Sometimes, it can feel like your dog rules the roost. Those puppy-dog eyes are irresistible, so it’s hard to stay mad at your dog, even if they steal your turkey sandwich off the table. However, the truth is your pup is actually looking to you to lead the way. That’s where training comes in handy.
When you set boundaries and teach your dog to be the best version of themselves, it ensures they stay safe, happy, and healthy. For example, a turkey sandwich may be harmless, but you don’t want your pup eating chocolate off the table. Pet training also reduces the number of animals surrendered to shelters, provides stimulation, enhances your relationship, and can increase your pup’s self-confidence. In 2022, assume the role of pack leader once and for all and have fun doing it. These pet training tips will help.
Think about a not-so-great experience you had with a leader. Perhaps it was a parent, teacher, or boss who constantly yelled at you. You were probably scared of them and maybe even tuned them out. You don’t want your pet to be scared of you as a result of training. Instead, you want to make it a bonding experience. It’s essential to keep the tone positive. The ASPCA endorses humane, reward-based training that uses food, praise, petting, and play to motivate dogs to learn. Avoid anything that inflicts any unnecessary discomfort or stress on your pet, like yelling or punishment.
While words like “sit” and “stay” have likely been a part of your vocabulary forever, remember they may be new words to your pet. What’s more, if you previously laughed when your pup jumped on the table, they may initially be confused when you start asking them to get down. Habits can be tough to break, but it’s possible. Be patient and consistent. The American Kennel Club recommends practicing in short intervals, such as for five minutes at a time, which can help prevent your pup from getting bored, distracted, or frustrated. Try to end on a positive note with your dog perfectly showcasing a skill or command.
“Sit” holds the same meaning at a park and home. However, if you only practice at home, this fact may not click for your pet. Take your pup on road trips to local parks, dog-friendly restaurants, and loved ones’ homes and try to work in quick training sessions there, so they know to look to you for guidance and direction no matter where they are.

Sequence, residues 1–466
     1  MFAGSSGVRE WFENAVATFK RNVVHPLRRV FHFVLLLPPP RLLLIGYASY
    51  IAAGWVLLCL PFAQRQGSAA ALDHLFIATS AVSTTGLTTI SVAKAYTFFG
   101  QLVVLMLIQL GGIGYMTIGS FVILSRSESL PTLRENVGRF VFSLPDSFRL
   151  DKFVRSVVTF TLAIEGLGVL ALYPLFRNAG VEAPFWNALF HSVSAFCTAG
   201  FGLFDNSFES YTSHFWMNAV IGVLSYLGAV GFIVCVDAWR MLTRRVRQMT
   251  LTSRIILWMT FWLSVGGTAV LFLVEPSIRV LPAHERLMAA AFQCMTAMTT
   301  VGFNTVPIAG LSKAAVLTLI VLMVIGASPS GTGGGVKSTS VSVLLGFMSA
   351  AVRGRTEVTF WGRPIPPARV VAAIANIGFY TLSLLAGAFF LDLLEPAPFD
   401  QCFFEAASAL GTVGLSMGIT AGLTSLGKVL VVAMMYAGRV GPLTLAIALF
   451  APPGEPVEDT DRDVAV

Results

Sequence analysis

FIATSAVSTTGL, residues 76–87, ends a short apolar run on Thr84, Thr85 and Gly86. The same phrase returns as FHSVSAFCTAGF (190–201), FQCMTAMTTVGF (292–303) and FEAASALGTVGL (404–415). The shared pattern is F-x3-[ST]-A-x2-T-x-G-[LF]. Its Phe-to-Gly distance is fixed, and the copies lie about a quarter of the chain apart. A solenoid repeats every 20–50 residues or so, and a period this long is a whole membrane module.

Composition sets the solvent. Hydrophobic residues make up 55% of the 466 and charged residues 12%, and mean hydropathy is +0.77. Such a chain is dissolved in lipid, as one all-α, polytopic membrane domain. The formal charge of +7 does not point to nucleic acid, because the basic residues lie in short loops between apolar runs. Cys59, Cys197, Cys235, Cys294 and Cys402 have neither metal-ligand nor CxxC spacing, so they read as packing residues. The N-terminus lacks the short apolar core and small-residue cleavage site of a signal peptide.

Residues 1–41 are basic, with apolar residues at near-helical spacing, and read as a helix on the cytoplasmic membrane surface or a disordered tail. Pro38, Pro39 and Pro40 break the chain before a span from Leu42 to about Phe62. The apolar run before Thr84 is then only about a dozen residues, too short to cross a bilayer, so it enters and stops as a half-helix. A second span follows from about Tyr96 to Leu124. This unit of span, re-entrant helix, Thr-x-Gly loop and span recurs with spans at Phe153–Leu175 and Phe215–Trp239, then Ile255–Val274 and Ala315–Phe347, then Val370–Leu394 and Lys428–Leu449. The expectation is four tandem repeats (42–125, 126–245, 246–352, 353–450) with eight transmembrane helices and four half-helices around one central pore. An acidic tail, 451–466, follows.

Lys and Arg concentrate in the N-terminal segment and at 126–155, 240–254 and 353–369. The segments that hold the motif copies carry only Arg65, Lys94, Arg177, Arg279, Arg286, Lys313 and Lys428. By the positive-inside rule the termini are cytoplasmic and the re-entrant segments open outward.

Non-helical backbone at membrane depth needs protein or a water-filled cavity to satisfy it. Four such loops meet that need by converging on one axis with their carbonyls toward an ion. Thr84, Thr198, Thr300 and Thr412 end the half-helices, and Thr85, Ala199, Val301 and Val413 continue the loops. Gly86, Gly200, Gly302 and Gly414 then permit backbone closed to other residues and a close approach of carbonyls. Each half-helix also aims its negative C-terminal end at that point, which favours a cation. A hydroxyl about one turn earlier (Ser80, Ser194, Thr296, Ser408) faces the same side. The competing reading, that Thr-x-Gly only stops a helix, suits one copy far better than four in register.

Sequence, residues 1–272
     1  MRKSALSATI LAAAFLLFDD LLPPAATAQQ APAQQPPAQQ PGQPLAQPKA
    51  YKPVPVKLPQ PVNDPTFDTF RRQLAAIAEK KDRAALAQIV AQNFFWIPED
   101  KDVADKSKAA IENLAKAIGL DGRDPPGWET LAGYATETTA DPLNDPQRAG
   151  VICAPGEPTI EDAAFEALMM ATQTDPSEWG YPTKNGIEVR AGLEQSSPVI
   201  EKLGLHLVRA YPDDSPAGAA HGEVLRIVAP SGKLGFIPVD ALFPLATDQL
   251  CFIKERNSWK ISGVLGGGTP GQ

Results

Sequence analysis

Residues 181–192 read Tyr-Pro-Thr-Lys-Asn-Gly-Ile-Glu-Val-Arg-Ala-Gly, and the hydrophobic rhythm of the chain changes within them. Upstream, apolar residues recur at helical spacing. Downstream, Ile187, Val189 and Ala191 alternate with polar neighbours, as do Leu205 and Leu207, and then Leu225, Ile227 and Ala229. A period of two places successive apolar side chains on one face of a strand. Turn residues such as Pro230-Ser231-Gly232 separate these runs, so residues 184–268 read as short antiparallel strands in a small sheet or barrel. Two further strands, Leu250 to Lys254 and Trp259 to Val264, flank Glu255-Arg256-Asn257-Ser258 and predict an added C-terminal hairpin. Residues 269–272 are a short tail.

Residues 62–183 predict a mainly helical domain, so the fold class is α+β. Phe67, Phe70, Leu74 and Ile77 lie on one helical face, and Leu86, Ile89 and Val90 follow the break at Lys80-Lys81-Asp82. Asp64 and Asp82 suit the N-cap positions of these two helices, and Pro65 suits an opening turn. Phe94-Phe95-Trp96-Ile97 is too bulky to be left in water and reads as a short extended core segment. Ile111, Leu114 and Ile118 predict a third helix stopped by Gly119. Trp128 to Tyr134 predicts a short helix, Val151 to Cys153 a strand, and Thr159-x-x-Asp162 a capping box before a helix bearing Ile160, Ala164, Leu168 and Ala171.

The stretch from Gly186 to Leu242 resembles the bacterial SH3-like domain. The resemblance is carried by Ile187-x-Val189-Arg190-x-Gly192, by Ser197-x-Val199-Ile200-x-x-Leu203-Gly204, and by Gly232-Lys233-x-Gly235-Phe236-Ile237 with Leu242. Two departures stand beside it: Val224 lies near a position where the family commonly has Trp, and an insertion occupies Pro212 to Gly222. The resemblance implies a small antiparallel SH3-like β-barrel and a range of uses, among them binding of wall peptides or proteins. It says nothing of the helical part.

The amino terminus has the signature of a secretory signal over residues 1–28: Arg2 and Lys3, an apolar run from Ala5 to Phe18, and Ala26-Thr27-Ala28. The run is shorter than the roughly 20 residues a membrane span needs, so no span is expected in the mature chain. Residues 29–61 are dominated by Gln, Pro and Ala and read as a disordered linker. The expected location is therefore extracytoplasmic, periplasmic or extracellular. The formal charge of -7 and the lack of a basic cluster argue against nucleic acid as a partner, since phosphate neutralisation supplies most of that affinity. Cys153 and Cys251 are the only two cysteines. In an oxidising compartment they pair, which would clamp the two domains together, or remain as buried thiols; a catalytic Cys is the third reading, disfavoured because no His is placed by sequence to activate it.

Practicing is important, but you’ll want to time it right. If you’re exhausted, sad, or afraid of something, it can be hard to learn. The same is true for your pet, but they can’t tell you, “I need a break tonight.” Even so, you can pick up clues from their body language. If your dog is displaying fearful behaviors, such as cowering or rolling over, it may not be the best time or place to hold a session.
You didn’t learn algebra in kindergarten; you probably started math lessons by learning to count. Similarly, it’s important to work in increments with your pet. Start with basic commands, such as “sit,” “stay,” and “come.” Then, break those commands down even further. For example, praise your dog for taking just a couple of steps towards you as they begin to understand the word “come.” Keep the amount of time you ask them to “stay” to a couple of seconds when you first teach them the command and gradually work up to longer intervals.
Remember, you’re the alpha in the relationship with your dog. Understanding your role doesn’t mean you’re engaging in a power struggle with your fur baby or that you don’t love them. It’s quite the opposite, actually. Teaching your dog using a positive, reward-based training method can improve your relationship. It also helps keep them healthy and safe (knowing how to “stay” can prevent them from running in the street). Dogs enjoy learning and pleasing us, so they’ll gain confidence as they master new skills. Common pet training tips include remaining patient, consistent, and positive. Try to end sessions with your pet doing something well, so they are excited about the next session. Avoid practicing if they seem upset or fearful. You want the experience to be fun for both of you.
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